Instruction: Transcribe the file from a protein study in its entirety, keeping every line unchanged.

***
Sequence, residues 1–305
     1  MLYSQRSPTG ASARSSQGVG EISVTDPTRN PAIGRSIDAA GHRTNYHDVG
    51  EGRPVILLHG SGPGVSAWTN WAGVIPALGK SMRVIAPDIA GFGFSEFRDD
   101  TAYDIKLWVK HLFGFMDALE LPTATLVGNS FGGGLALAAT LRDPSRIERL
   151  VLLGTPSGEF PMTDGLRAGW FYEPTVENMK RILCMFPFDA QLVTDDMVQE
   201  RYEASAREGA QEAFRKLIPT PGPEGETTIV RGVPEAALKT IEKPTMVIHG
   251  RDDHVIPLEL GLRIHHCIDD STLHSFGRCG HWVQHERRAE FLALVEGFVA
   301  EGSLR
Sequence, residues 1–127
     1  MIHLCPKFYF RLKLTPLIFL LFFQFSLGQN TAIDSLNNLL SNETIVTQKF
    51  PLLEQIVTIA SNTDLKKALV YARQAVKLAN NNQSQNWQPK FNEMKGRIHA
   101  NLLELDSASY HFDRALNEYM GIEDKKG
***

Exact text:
Sequence, residues 1–305
     1  MLYSQRSPTG ASARSSQGVG EISVTDPTRN PAIGRSIDAA GHRTNYHDVG
    51  EGRPVILLHG SGPGVSAWTN WAGVIPALGK SMRVIAPDIA GFGFSEFRDD
   101  TAYDIKLWVK HLFGFMDALE LPTATLVGNS FGGGLALAAT LRDPSRIERL
   151  VLLGTPSGEF PMTDGLRAGW FYEPTVENMK RILCMFPFDA QLVTDDMVQE
   201  RYEASAREGA QEAFRKLIPT PGPEGETTIV RGVPEAALKT IEKPTMVIHG
   251  RDDHVIPLEL GLRIHHCIDD STLHSFGRCG HWVQHERRAE FLALVEGFVA
   301  EGSLR
Sequence, residues 1–127
     1  MIHLCPKFYF RLKLTPLIFL LFFQFSLGQN TAIDSLNNLL SNETIVTQKF
    51  PLLEQIVTIA SNTDLKKALV YARQAVKLAN NNQSQNWQPK FNEMKGRIHA
   101  NLLELDSASY HFDRALNEYM GIEDKKG